Jack later confronts the class about the letter Durbin received, and tries to break the students into confessing through various forms of torture. He tries to get Victor to tell him everything, but all he gets is “I got a boner when we did CPR.” (“Oh, gross. Well, what did your partner think about that?” “Well, I think she–” Jack cuts him off, but we get a cut to Marisa, whose expression shows she’s into it!) He tries to break Sarika by defacing her textbook. (Sarika: “That was the most devastating moment of my entire life.” Anthony: “For real? Girl, you need to read Anne Frank.”) He then gets Colin to badly play saxophone to torture everyone (another callback, this time to the pilot). He threatens to take people’s phones and read their search histories to the class. (Grace: “Just to get ahead of it, ISIS is also the name of a junior women’s bowling league.”) However, Chops calls him: “So it turns out, the cannon is kind of calibrated specifically for one type of ammunition, and that type is t-shirts and not pigs…” Upon finding the pigs are destroyed, Heather confesses to writing the letter and storms out of class. 

Jack finds her in the parking lot, writing “PIG” on Jack’s car. (Or, trying to: “By the way, this is Michelle’s car.”) Heather tells him why she did it: Because she had set up to be partners with Dan for the project, and “We were gonna spend the whole week dissecting pigs and falling for each other! This was my chance to show him something I was really good at!” A scene that made me feel for her, and cheer, and maybe even squee a little (internally, anyway; I’m not sure I’m capable of making that sound). (Jack telling her that “I hurt you on accident, but you hurt me on purpose” didn’t quite land for me as well, given that he’s a 40-year-old man teaching 17-year-olds– he damn well better have more control and responsibility over his emotions and actions than they do.)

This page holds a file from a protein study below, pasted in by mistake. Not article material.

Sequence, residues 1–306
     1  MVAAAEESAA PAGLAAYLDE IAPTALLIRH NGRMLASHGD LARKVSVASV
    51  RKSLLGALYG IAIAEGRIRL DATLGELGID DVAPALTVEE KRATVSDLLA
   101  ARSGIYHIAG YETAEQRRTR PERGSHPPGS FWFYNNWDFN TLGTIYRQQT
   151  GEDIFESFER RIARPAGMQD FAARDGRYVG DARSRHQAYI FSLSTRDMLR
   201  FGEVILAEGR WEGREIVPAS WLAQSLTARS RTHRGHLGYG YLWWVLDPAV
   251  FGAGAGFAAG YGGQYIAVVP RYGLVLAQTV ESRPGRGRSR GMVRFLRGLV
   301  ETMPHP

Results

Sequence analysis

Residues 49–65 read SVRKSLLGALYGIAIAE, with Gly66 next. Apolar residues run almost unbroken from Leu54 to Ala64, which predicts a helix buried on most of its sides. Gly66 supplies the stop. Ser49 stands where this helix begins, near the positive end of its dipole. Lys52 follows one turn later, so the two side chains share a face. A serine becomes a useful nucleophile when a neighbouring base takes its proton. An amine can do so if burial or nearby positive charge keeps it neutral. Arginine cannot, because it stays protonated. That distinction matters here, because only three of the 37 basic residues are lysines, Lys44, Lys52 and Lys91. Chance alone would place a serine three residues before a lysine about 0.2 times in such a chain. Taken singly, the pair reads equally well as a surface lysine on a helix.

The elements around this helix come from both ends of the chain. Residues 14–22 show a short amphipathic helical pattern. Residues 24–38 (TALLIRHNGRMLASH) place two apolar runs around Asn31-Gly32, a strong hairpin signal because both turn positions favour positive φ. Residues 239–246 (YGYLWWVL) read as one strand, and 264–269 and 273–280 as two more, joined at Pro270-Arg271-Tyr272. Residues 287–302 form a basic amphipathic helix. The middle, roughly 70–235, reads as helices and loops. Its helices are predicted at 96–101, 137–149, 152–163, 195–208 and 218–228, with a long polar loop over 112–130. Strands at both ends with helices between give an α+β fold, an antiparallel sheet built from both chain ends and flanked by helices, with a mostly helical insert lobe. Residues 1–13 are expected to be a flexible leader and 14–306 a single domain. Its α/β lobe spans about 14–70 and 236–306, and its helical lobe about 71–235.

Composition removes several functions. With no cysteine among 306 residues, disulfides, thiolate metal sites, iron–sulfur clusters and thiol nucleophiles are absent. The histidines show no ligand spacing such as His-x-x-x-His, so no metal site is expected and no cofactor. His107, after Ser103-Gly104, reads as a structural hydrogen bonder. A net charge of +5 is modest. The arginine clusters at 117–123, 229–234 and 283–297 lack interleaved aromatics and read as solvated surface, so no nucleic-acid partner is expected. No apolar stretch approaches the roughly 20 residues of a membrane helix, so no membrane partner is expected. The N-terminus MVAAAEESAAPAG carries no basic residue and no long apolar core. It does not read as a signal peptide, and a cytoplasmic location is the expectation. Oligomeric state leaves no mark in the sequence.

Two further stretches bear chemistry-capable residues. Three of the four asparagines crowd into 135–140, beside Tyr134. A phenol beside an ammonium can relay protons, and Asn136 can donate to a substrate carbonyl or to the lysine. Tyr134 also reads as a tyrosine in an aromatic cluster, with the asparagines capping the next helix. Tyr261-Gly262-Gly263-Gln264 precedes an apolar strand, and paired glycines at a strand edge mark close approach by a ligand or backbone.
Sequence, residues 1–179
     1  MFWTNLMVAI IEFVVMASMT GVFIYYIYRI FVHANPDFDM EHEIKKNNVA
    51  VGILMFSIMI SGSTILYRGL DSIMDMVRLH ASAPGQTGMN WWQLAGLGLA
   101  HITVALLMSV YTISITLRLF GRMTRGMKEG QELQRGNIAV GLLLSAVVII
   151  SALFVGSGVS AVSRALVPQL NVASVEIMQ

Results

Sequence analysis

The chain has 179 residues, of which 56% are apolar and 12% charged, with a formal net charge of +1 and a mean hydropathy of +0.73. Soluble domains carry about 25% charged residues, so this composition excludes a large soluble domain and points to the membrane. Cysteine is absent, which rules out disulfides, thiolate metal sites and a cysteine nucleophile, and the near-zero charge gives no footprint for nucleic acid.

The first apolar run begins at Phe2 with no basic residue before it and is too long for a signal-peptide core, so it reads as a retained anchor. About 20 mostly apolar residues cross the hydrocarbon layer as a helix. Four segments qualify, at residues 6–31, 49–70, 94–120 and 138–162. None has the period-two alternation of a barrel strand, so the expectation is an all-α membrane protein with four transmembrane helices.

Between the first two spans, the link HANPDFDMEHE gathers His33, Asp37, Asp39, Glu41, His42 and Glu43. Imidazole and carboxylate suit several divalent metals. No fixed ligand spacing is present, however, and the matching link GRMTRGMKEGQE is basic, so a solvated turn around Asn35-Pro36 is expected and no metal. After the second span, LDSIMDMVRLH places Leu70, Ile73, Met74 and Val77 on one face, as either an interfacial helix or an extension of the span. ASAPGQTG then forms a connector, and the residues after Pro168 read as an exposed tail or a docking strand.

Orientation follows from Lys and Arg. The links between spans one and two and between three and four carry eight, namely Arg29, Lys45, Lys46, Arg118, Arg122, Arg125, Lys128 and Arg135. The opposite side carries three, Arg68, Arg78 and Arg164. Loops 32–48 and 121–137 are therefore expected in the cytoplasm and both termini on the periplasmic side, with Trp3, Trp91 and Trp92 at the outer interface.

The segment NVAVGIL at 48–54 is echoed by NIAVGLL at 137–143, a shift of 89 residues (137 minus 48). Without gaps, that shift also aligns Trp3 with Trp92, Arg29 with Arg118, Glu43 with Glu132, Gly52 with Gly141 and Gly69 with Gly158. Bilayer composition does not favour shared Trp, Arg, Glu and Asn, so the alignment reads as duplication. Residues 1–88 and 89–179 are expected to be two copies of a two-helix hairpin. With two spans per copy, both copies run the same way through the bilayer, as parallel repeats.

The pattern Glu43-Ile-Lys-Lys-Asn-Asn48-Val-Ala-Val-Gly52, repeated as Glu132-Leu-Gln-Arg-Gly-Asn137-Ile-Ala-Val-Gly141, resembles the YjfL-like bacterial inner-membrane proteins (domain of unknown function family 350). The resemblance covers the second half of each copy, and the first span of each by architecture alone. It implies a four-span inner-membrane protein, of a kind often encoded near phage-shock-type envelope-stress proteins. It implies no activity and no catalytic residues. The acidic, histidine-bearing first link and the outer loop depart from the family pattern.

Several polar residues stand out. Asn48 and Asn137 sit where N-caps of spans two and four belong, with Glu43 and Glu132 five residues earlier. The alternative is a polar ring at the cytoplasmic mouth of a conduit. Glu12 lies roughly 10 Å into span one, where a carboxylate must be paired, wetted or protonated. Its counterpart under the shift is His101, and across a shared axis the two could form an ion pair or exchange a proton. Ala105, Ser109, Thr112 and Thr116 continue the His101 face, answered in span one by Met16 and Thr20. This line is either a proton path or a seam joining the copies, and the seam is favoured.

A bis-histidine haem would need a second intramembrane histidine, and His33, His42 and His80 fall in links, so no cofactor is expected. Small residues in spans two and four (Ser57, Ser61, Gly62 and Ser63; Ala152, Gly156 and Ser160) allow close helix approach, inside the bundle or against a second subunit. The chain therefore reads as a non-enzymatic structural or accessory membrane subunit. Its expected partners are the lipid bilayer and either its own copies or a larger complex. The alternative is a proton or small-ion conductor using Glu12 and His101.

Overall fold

The next day, Jack walks in with a bloody paper bag, and announces “Apologies in advance for the brutal condition of this squirrel,” only to discover an entire pig on his desk. Heather stole it from her dad’s butcher shop. The superintendent arrives in the midst of all this– “I thought they were dissecting fetal pigs”– and Jack quickly comes up with a cover story that the organs of fetal pigs are too small, and asks Heather for help dissecting the pig.

Heather: “Now keep in mind this can be emotionally devastating, especially if it is a pig you raised yourself.”

She then proceeds to take off the snout with one whack. (“Customers don’t want the snout.”) Same with the hooves. She proves every bit the bad-ass we had hints she could be. With the pig cut open, Sarika presses Jack for questions about it; to her surprise, Jack removes one of the pig’s kidneys, explaining how the location of the adrenal gland is different on it than on humans. (Another brilliant moment when he leans in to whisper to Sarika: “I never said I don’t know biology. I’m just never gonna teach it to you.” Side note from the critical point of view: It’s stuff like this that makes it so annoying when critics complained the premise didn’t make sense, for example. If we’d known Jack actually was qualified to teach this class, we wouldn’t have gotten this moment of tension and the shoe dropping on it.)

Once the biology lesson is completed, Heather finishes butchering up the pig, and packages some cuts of meat for the superintendent and others. (“I, uh, strongly recommend a Memphis rub on those cuts.”) With everything done but the cleanup, Jack does Heather a solid, asking Dan to stay and help clean up. (“And if I don’t–” Simultaneously: “I’ll get an F.” / “You’ll get an F, yeah.”)

Allisyn Ashley Arm does amazing work as Heather this episode; she brings that confidence in her competence to life, as Heather’s awkward confusion drops away and she’s all eager, attentive interest once she learns it’s fetal pig day. (See the header photo for a great example.) Same with her energy and hurt when confronting Jack, and same with their cool competence in operating the cleaver and butchering the real pig. It’s a performance and episode that showcases the layers to Heather that have only been hinted at before, and Heather remains my pick for breakout TV character of 2018. I don’t remember the last TV character I’ve rooted for this hard to get what they wanted and to kick ass and take names.

The episode closes with Dan and Heather cleaning up the classroom to the sound of Badfinger’s “No Matter What,” a great, great song.